Justice Department Investigates Attacks on Voting Rights, Says U.S. Attorney General


WASHINGTON, Oct.4 (Reuters) – United States Attorney General Merrick Garland said on Monday that the Justice Department was “seriously and urgently” investigating how states are changing voting procedures or changing voting procedures. constituencies to make sure they don’t violate federal voting rights.

“We are seriously and urgently investigating and examining further changes in procedures and practices, and in particular examining any redistributions made as a result of the Decennial Census,” Garland said in an interview with the New Yorker Festival.

“We are concerned about attacks on voting systems, attacks from the point of view of Internet security. We are concerned about attacks on secretaries of state and election administrators and even election officials,” a- he said, adding that he had set up a task force to investigate. these threats.

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Garland’s comments come just months after the Justice Department sued Georgia over its new electoral law, alleging it violates the rights of black voters by tightening identification requirements for mail-in ballots , by restricting the use of ballot boxes and even by prohibiting the distribution of water or food to people queuing at polling stations.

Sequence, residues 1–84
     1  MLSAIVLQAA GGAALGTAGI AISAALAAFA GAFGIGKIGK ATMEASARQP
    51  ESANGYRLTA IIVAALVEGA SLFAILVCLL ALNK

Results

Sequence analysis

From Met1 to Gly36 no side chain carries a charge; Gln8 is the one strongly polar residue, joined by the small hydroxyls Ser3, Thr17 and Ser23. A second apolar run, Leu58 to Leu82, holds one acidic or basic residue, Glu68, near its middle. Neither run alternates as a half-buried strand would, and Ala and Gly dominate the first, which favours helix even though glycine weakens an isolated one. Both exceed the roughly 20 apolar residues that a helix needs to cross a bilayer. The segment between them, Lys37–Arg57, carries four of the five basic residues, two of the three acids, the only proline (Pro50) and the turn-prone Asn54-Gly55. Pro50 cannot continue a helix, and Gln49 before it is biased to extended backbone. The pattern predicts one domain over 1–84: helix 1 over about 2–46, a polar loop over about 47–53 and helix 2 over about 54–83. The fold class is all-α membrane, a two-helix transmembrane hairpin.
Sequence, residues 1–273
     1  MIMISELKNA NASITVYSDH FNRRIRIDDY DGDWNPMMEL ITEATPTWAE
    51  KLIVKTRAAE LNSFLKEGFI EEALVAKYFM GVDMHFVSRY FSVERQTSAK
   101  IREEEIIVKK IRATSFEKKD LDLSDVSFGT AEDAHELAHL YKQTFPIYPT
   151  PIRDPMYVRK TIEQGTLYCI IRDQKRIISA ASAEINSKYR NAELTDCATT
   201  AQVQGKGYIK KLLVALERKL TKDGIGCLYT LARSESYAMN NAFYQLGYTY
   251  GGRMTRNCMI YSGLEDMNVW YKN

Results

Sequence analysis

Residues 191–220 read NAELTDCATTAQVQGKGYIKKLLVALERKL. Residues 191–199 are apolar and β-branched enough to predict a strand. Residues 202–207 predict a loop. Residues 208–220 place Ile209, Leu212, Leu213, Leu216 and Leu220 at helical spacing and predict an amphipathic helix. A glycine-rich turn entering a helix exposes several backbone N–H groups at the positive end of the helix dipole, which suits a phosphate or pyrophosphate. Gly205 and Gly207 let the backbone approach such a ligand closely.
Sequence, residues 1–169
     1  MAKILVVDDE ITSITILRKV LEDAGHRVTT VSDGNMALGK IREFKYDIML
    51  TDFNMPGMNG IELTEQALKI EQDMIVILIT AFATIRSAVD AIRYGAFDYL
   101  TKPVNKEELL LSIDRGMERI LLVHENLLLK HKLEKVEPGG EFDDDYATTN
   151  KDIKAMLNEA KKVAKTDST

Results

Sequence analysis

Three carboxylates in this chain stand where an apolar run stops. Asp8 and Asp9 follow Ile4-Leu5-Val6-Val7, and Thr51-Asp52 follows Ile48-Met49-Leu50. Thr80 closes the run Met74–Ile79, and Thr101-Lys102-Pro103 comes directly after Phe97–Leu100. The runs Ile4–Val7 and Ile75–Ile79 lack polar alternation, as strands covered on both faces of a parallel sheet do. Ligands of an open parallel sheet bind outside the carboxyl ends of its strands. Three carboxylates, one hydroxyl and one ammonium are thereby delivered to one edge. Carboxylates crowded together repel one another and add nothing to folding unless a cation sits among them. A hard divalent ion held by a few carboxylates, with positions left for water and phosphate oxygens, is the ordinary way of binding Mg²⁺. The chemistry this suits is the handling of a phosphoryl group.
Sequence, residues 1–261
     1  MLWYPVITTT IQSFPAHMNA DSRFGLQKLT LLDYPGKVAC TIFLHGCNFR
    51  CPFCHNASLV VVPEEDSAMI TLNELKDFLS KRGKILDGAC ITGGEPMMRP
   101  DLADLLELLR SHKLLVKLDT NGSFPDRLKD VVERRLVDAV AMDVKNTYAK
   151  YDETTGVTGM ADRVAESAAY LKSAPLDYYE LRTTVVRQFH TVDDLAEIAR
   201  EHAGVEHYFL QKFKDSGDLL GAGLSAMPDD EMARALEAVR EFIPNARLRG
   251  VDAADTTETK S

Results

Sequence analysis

In July, the Justice Department also issued legal advice warning states to exercise caution, citing an “unusual second round of reviews” in the 2020 election results occurring in various states, even though none of the recounts earlier had “produced evidence of wrongdoing or error.”

Garland acknowledged that the Justice Department’s legal powers to deal with voting rights have been weakened, in part thanks to a 2013 Supreme Court case that emptied a key section of the Voting Rights Act, and urged Congress to pass new legislation to restore its authority.

“Are our tools weakened? Yes they are,” Garland said. “But our passion has not wavered.”

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Reporting by Sarah N. Lynch; Editing by Aurora Ellis

Our Standards: Thomson Reuters Trust Principles.


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